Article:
C’est La Vie: Living With the Locals in Rennes

Our group of 30 students gathered in the petite garden located behind the school building, standing across from 30 different French families.

Our group of 30 students gathered in the petite garden located behind the school building, standing across from 30 different French families. Some of the families appeared to be quite old, with skin weathered from years of smoking, while others seemed almost too young to be hosting.

One by one, the director of the program called us forward and introduced us to our new families. The families had been hand-picked based on interviews, questionnaires, and observations. We had spent the past three days in orientation getting to know the other students from the U.S. and transitioning to only speaking French. Now, it was time to put everything we had learned to use.

I was placed with a family of four that lived in the city of Rennes, about a half-hour by bus from the school. There was Michel, the father, who worked in a bank and ate more vegetables than any other person I know; Aurelie, the mother, who also worked in a bank and loved to surf in her free time; Irène, the daughter, who was 18 years old and just finishing her baccalaureate exams when I arrived; and Izis, the dog, who was surprisingly 18 years old as well.

Some of the families spoke English very well, but they were asked to avoid practicing it with us so that we could pick up French faster. Speaking only in French the entire day proved to be the greatest challenge of the program. In the beginning, I had to think through every sentence that came out of my mouth before I said it. Pronunciation and word choice were the most important; if we messed up our grammar, they could usually figure out what we were trying to say. Communicating, even at home, was absolutely exhausting. For example, there are two ways to express the verb “to clean” in French: ranger and nettoyer. Ranger refers to tidying up or rearranging, and nettoyer means to do some more serious scrubbing or even disinfecting. One day, I had to let my host mom know that I was going to clean my room, so I said, “j’ai besoin de nettoyer ma chambre.” However, I chose the wrong verb and my host mom didn’t understand what I meant—I should have said “j’ai besoin de ranger ma chambre.” I remembered learning the difference in class but hadn’t really thought it would be very important. I was wrong. “Ta chambre est sale?” She replied, alarmed by my statement, “Pourquoi est-ce que tu veux la nettoyer?” Even something simple, like telling your mom you have to clean your room, was difficult.

Over time, though, we began to adjust. The words started to come naturally, and it was much easier to process what even the fastest speakers were saying. We fell into a routine: in the morning we commuted to school, then attended about three hours of French class, made a quick trip to the nearby Carrefour for lunch or a snack, participated in an afternoon group activity, then returned home to have dinner and spend the evening with our families.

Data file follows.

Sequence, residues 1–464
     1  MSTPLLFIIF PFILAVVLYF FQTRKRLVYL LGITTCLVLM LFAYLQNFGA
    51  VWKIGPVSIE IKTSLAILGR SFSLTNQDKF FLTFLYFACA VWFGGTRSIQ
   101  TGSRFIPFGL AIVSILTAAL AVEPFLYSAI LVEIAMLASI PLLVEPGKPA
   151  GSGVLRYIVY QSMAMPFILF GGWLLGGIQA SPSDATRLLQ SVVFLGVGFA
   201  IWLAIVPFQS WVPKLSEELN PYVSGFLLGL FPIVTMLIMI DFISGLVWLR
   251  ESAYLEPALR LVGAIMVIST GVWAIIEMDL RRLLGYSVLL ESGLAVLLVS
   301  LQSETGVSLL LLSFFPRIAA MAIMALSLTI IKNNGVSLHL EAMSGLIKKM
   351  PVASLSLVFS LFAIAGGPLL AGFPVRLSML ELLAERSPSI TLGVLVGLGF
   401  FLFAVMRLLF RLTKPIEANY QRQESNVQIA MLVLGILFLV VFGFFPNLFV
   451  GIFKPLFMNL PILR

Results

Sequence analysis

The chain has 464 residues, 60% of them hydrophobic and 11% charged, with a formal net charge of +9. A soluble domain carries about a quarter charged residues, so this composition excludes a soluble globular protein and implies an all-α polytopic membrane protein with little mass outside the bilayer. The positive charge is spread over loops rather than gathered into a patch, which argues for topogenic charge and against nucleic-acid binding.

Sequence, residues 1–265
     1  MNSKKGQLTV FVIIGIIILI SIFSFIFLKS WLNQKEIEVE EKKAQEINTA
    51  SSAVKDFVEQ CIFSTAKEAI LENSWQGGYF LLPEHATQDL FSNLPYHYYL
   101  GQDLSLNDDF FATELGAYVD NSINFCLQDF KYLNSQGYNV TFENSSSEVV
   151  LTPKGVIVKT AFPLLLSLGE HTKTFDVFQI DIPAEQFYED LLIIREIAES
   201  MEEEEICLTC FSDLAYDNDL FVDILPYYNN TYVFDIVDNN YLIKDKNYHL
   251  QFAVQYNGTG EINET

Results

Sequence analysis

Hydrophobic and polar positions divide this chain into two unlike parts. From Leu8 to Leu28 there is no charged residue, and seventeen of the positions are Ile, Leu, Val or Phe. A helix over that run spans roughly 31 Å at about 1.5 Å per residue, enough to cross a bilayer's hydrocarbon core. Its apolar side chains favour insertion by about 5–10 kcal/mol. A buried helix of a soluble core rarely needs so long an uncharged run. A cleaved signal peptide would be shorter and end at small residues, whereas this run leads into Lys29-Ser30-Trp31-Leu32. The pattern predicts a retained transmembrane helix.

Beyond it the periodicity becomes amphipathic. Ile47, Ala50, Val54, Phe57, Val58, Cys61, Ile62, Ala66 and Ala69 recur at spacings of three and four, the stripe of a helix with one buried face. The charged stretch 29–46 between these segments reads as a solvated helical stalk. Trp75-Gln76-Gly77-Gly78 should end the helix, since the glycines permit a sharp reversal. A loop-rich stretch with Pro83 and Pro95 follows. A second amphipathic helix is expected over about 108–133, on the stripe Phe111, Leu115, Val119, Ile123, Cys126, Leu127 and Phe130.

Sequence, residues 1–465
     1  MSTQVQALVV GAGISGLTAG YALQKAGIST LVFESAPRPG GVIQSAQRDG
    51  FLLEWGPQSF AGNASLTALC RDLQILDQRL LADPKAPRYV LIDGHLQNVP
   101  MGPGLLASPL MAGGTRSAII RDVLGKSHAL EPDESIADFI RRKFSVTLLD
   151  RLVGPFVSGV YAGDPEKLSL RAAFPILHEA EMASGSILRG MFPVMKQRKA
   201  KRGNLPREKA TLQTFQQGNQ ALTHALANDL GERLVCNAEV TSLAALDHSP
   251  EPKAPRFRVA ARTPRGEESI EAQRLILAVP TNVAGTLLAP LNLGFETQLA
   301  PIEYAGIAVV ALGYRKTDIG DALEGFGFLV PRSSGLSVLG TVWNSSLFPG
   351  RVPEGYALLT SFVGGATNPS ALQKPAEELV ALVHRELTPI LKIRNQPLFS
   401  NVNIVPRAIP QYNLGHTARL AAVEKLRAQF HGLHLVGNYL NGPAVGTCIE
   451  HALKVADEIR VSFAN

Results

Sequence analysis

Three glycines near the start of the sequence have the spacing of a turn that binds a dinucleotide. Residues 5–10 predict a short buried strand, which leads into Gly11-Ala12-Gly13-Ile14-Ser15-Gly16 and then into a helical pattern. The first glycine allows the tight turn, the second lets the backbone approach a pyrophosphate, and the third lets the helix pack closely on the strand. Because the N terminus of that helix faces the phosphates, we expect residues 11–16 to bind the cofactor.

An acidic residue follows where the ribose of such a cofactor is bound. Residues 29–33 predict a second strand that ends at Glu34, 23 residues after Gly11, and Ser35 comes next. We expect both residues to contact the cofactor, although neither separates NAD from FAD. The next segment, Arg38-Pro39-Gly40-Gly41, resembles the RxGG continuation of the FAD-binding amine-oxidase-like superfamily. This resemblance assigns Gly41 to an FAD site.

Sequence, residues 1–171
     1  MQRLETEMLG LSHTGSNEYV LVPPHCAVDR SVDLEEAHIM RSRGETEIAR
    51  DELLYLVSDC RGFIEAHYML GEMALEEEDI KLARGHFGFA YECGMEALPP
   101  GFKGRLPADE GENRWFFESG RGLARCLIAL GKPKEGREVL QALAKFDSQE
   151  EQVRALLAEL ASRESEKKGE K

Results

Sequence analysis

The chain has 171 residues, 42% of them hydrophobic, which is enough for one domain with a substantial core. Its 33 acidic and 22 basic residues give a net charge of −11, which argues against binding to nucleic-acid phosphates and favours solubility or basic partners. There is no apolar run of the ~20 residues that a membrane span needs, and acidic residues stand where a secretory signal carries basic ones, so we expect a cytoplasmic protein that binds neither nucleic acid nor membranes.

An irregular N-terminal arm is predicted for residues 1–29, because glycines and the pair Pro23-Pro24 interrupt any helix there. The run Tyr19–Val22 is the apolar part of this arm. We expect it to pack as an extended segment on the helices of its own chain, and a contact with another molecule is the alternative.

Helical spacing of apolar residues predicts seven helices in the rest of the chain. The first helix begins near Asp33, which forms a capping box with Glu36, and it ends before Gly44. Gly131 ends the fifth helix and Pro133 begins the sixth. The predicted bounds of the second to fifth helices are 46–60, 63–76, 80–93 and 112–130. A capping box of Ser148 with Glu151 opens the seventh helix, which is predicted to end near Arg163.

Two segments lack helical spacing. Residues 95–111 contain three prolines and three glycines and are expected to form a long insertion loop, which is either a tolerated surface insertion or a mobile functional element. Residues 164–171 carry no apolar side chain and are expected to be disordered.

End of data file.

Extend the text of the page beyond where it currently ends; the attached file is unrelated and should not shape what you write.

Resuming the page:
The group activity varied from day to day. One time we did a scavenger hunt for murals all over Rennes. We also went to a circus class and to a baking class at a traditional boulangerie. All of the classes we attended were conducted only in French. They served as opportunities for our group to come together and practice what we were learning from our host families and from collaborating with each other and locals in French.

We spent every weekend solely with our host families doing whatever it was that they had planned. These weekends were by far the most memorable parts of the trip, for it was during this time that we were completely immersed in French culture. One weekend, my family took me to spend two nights in Bordeaux for their annual friend group’s reunion. Oddly enough, their friends’ house was not really a house but a converted vineyard building, and so the three bedrooms and two bathrooms could not accommodate the twenty-five guests. The hosts’ solution was to set up a series of tents in the yard, each with two mattress pads inside of them for us to sleep in. This was quite alarming at first, especially since we did not arrive until after midnight, having just driven four hours in a very, very small car. Yet, despite the late hour, we were welcomed by a long line of lively and deeply tanned Southerners, most of them shirtless and tattooed. According to French custom, each unfamiliar person had to be greeted with les bises, or a small kiss on each cheek. Needless to say, the first night in Bordeaux was extremely discomforting.

Yet, by the end of the next day, I found that the discomfort had faded; in fact, it had almost disappeared. I had become friendly with almost all the party guests, and we spent most of the afternoon playing volleyball in the pool and talking. There was no alternative to jumping into situations like the one in Bordeaux head first, and it was from those experiences that we benefited the most.

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